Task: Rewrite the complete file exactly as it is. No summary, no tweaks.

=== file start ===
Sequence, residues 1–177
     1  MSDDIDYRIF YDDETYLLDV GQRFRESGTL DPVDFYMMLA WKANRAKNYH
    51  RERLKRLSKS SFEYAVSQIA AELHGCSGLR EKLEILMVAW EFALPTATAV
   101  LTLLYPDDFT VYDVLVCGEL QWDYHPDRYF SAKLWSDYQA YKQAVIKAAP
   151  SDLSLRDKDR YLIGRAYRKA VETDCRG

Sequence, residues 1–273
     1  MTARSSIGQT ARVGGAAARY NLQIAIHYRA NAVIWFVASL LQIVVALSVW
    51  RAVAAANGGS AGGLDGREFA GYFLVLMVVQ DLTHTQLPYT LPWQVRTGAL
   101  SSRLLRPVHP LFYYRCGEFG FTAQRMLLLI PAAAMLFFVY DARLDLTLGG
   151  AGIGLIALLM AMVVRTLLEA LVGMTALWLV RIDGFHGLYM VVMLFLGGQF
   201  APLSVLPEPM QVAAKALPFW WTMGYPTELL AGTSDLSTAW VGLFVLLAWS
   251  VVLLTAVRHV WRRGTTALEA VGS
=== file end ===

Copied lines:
Sequence, residues 1–177
     1  MSDDIDYRIF YDDETYLLDV GQRFRESGTL DPVDFYMMLA WKANRAKNYH
    51  RERLKRLSKS SFEYAVSQIA AELHGCSGLR EKLEILMVAW EFALPTATAV
   101  LTLLYPDDFT VYDVLVCGEL QWDYHPDRYF SAKLWSDYQA YKQAVIKAAP
   151  SDLSLRDKDR YLIGRAYRKA VETDCRG

Sequence, residues 1–273
     1  MTARSSIGQT ARVGGAAARY NLQIAIHYRA NAVIWFVASL LQIVVALSVW
    51  RAVAAANGGS AGGLDGREFA GYFLVLMVVQ DLTHTQLPYT LPWQVRTGAL
   101  SSRLLRPVHP LFYYRCGEFG FTAQRMLLLI PAAAMLFFVY DARLDLTLGG
   151  AGIGLIALLM AMVVRTLLEA LVGMTALWLV RIDGFHGLYM VVMLFLGGQF
   201  APLSVLPEPM QVAAKALPFW WTMGYPTELL AGTSDLSTAW VGLFVLLAWS
   251  VVLLTAVRHV WRRGTTALEA VGS